Alison Booth, 11 May 2018

Recent research has suggested that an element of the gender wage gap can be explained by differences between men and women in their competitiveness and risk-taking. Using evidence from post-Cultural Revolution Beijing and Taipei, Alison Booth discusses her work on the extent to which these differences can be explained by the culture in which people grow up. This video was recorded at the 2018 RES annual conference.

Yukiko Abe, Beata Javorcik, Naomi Kodama, 27 March 2016

Gender inequality is greater in Japan than in other developed countries, and in response the country has implemented steps towards improving female employment. This column presents new evidence suggesting that foreign companies are an unexpected ally in promoting female labour market participation. Foreign direct investment has the potential to improve the allocation of talent and contribute to faster economic growth.

Esther Ann Bøler, Beata Javorcik, Karen-Helene Ulltveit-Moe, 18 May 2015

The gender wage gap persists even in gender equal societies such as the Nordic countries. This column suggests that globalisation may play a role in that. The authors show that exporting firms have higher gender wage gaps although the effect is only present among college graduates. The heightened competition faced by exporters requires greater commitment and flexibility on the part of the workers, which leads to statistical gender discrimination.

Shelly Lundberg, Robert Pollak, 29 October 2013

Marriage patterns have changed in the last 50 years as fertility rates declined and cohabitation became more widespread. These trends can be explained by a shift in the gains from marriage away from specialisation and towards investment in children. This column argues that different patterns in childrearing are key to understanding class differences in marriage and parenthood. Heterogeneity in preferences for – or ability to invest in – child human capital explain marriage and fertility patterns across socioeconomic groups.

Sandra Black, Alexandra Spitz-Oener, 01 September 2007

Data on Germany suggest that important differences in the evolution of skill requirements at work by gender explain a substantial fraction of the closing of the gender wage gap. Policies promoting female employment should respond to these changing skill requirements.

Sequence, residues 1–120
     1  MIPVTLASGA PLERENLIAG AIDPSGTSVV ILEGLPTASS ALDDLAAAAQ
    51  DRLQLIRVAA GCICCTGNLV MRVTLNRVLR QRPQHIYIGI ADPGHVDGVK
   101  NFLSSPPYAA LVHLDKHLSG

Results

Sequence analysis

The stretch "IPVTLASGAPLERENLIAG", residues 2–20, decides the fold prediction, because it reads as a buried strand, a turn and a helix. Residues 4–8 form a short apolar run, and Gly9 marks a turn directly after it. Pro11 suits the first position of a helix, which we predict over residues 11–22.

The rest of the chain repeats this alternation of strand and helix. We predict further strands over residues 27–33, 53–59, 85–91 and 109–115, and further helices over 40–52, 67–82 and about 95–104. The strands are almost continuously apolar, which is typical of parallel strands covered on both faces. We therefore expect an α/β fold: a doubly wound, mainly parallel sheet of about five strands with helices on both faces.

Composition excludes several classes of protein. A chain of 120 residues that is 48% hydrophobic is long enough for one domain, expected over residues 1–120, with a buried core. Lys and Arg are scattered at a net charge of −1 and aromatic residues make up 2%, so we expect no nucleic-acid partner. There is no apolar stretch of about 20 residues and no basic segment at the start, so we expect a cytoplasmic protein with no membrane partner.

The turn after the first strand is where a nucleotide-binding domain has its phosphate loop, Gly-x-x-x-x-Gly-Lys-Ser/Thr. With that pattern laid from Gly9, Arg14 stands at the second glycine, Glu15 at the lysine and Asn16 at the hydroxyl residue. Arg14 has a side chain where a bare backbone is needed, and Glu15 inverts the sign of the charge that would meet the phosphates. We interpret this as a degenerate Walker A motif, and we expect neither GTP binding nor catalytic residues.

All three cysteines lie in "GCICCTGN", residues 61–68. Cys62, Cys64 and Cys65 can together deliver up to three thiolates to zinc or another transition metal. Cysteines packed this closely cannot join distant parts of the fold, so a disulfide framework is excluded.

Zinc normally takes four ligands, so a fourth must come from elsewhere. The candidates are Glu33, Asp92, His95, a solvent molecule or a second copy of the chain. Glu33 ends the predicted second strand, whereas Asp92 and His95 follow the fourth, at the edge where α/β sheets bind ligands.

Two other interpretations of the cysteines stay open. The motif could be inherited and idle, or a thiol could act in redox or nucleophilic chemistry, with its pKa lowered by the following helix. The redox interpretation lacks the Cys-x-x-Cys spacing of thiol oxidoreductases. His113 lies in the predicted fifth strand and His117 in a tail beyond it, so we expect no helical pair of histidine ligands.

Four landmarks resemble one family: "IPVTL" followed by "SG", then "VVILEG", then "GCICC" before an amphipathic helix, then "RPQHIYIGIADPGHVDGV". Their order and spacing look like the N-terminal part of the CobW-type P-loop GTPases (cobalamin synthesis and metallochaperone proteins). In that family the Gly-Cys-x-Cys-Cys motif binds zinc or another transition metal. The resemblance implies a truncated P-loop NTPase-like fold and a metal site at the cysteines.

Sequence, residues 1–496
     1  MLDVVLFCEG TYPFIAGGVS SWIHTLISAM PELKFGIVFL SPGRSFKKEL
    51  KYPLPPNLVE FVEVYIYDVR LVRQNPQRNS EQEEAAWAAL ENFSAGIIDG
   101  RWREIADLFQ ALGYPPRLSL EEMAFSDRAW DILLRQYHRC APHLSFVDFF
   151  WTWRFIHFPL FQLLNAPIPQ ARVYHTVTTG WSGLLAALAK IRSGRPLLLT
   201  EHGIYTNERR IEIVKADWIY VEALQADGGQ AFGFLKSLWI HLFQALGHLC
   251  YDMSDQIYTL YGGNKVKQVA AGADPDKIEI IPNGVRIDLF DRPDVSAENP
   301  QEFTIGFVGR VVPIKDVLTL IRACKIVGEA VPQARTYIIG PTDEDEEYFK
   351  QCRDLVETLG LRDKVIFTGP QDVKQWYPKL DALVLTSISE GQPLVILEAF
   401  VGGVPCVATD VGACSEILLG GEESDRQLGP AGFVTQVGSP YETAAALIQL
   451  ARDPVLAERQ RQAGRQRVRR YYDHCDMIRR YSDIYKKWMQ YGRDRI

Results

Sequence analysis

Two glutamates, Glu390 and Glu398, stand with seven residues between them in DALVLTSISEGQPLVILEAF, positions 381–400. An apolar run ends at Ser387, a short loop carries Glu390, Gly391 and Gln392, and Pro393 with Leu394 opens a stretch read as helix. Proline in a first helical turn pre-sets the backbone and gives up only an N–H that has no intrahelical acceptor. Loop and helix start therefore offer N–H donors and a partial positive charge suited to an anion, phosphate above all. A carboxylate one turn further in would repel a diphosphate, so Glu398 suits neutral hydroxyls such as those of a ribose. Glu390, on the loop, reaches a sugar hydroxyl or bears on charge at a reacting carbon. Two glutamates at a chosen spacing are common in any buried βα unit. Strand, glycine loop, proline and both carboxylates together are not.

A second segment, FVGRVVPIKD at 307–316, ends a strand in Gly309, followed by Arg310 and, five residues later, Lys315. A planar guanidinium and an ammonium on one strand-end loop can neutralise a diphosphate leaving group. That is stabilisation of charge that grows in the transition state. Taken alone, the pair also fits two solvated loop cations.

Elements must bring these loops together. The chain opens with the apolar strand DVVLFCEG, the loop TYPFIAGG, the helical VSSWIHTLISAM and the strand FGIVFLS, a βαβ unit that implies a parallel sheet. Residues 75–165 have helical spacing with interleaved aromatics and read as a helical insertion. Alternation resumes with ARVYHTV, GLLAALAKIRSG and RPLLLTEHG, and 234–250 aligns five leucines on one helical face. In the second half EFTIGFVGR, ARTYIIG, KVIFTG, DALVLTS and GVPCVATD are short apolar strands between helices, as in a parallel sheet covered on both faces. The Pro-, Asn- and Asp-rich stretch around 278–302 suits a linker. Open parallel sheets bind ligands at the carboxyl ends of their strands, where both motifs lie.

Manuel Bagues, Berta Esteve-Volart, 27 July 2007

Many nations are imposing gender quotas on top-level jobs. Recent research suggests that such policies do not have a positive knock-on effect on gender balance in lower positions.

Stefania Albanesi, Claudia Olivetti, 20 July 2007

Medical advances in the early part of the twentieth century, especially those concerning child-bearing, increased the fraction of women’s lives that could be devoted to the labour market. They account for the threefold increase in the labour force participation of married women with children between 1920 and 1970 in the US.

Doris Weichselbaumer, Rudolf Winter-Ebmer, Martina Zweimüller, 16 July 2007

There has been much debate centred around gender wage differentials and discrimination and one of the key questions to emerge whether competitive markets can bring an end to the unequal market outcomes for men and women or if some form of anti-discrimination law is necessary.

Daniele Paserman, 26 June 2007

Female tennis players play more conservatively and commit more unforced errors when playing critical points. Does this explain the upper-echelons wage gap?

Juan Dolado, 12 June 2007

Gender equality policies seek to shift market outcomes. Economic logic and empirical research suggest that such policies can help if they are applied consistently for a long period.


CEPR Policy Research